A Look at African-American History, Through the Numbers
In recognition of Black History Month, here are a few facts and figures about the African-American experience in the U.S.
By Jo Craven McGinty
The Wall Street Journal Feb. 16-17, 2019
Four hundred years ago, the first Africans arrived in what is now the U.S.
In recognition of that anniversary and of Black History Month, here are a few numbers that help describe their experience and that of their descendants.
More than 10 million Africans were forcibly transported to the New World in 36,000 voyages between the 16th and 19th centuries, but only around 400,000 ended up in what became the U.S., according to slavevoyages.org.
“A vast majority of slaves didn’t come to the U.S.,” said Paul Finkelman, editor of the Encyclopedia of African American History and president of Gratz College in Melrose Park, Pa.
“They went to Brazil and the Caribbean. That’s something people don’t expect.”
Almost all of the Africans who were enslaved in the U.S. arrived before the American Revolution, Dr. Finkelman said, and thousands fought in the War for Independence.
Scholars’ estimates vary dramatically, but the National Museum of African American History and Culture uses these figures: Around 20,000 free or enslaved black colonials sided with the British, while more than 5,000 fought with the colonial revolutionaries.
- “Blacks were leaving the plantation to join the British because the British promised freedom,” said Malik Russell, communications director of the NAACP.
In 1986, then-President Ronald Reagan signed the Black Revolutionary War Patriots Act authorizing a memorial to be built in Washington, D.C., in their honor. The National Liberty Memorial, as it is known, has yet to be built.
When the Revolutionary War began, slavery was legal in every one of the 13 colonies, Dr. Finkelman said, and remained legal in all 13 states as the new country was born.
However, the percentage of African-Americans living in each one differed. In places like New Hampshire and Massachusetts, the population was 1% or 2% black. In states like Virginia and South Carolina, the population ranged from 40% to more than 50%.
For about 20 years following the American Revolution, virtually no Africans came to the U.S. But starting in 1803, over a five-year period South Carolina and Georgia brought in about 60,000 new slaves from Africa, Dr. Finkelman said, anticipating that Congress would soon end the slave trade—and it did.
The Act Prohibiting Importation of Slaves went into effect on Jan. 1, 1808, the earliest date permitted by the Constitution—although some slaves continued to be smuggled in.
Between the signing of the Emancipation Proclamation in 1863 and the ratification of the 13th Amendment in 1865, about 4 million slaves were freed.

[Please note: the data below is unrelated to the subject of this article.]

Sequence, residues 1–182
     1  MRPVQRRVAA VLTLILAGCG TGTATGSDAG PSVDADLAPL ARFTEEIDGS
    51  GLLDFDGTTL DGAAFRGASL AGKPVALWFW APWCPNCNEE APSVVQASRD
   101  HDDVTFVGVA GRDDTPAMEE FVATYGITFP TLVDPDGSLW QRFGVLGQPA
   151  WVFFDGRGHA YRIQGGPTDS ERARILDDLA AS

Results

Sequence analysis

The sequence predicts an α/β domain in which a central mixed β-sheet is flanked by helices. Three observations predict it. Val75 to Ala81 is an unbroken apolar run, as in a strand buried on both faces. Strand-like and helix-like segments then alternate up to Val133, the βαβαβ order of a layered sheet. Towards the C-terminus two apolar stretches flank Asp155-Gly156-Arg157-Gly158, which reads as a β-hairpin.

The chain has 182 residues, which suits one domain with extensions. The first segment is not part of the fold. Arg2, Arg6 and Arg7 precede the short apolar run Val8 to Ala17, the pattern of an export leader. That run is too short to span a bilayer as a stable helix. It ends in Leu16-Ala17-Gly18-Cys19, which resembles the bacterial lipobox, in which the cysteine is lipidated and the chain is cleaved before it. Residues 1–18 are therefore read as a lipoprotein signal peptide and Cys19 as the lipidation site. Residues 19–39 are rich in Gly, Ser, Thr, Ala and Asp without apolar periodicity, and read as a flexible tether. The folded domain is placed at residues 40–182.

“This was the largest transfer of wealth in the history of the U.S.,” Dr. Finkelman said. “This is $2 billion in 1860 dollars in terms of property.”
In comparison, the value of slave labor, by one scholar’s estimate, would have exceeded $87 billion at that time. Thomas Craemer, a professor of public policy at the University of Connecticut, estimated the value using free labor market wages of the day, with 3% interest, assuming 12 hours of daily labor on the part of the slaves from 1776 through 1860.
More than 200,000 African-Americans had fought in the Civil War, according to the Museum of African American History and Culture. Ironically, when it ended, the power of the defeated states increased.
Closing the Gap: Black representation in Congress is coming closer to mirroring U.S. demographics.
Sources: U.S. Census Bureau, CongressionalBiographical Directory, U.S. House History
Because of the Three-Fifths Compromise of 1787, only three of every five slaves had been counted for apportionment of representatives to the U.S. House, but after they were freed, all were counted.
“Former Confederate states had more representatives in Congress than they had before the Civil War,” Dr. Finkelman said, “but they didn’t let blacks vote, so southern whites had even more political power, not less.”
The Civil Rights Act of 1964 and the Voting Rights Act of 1965 altered the political landscape, but change occurred slowly. In 132 years, from 1881 until 2013, previous slaveholding states elected no blacks to the U.S. Senate, and in 68 years, from 1901 until 1969, they elected no blacks to the U.S. House of Representatives.
During the Great Migration, millions of African-Americans left the South in search of work and to escape segregation and violence. Between 1880 and 1922, an African-American was lynched more than once a week, according to Dr. Finkelman, and by 1968, there had been about 4,800 lynchings, mostly of African-Americans.
The Justice for Victims of Lynching Act of 2018—the latest of more than 200 anti-lynching bills introduced in Congress—was passed by the Senate in December, but it isn’t yet law!
“It didn’t make its way through the House,” Mr. Russell said, noting that eradicating lynchings was a primary goal of the NAACP when it formed 110 years ago.
“People of African ancestry have been here since 1619,” Dr. Finkelman said. “They have had a tremendous impact on the country in a wide variety of ways, and despite their numbers and their many contributions, they have been denied political power, political access and economic access.”
In many ways, he said, it has been a dismal history.
Write to Jo Craven McGinty at Jo.McGinty@wsj.com
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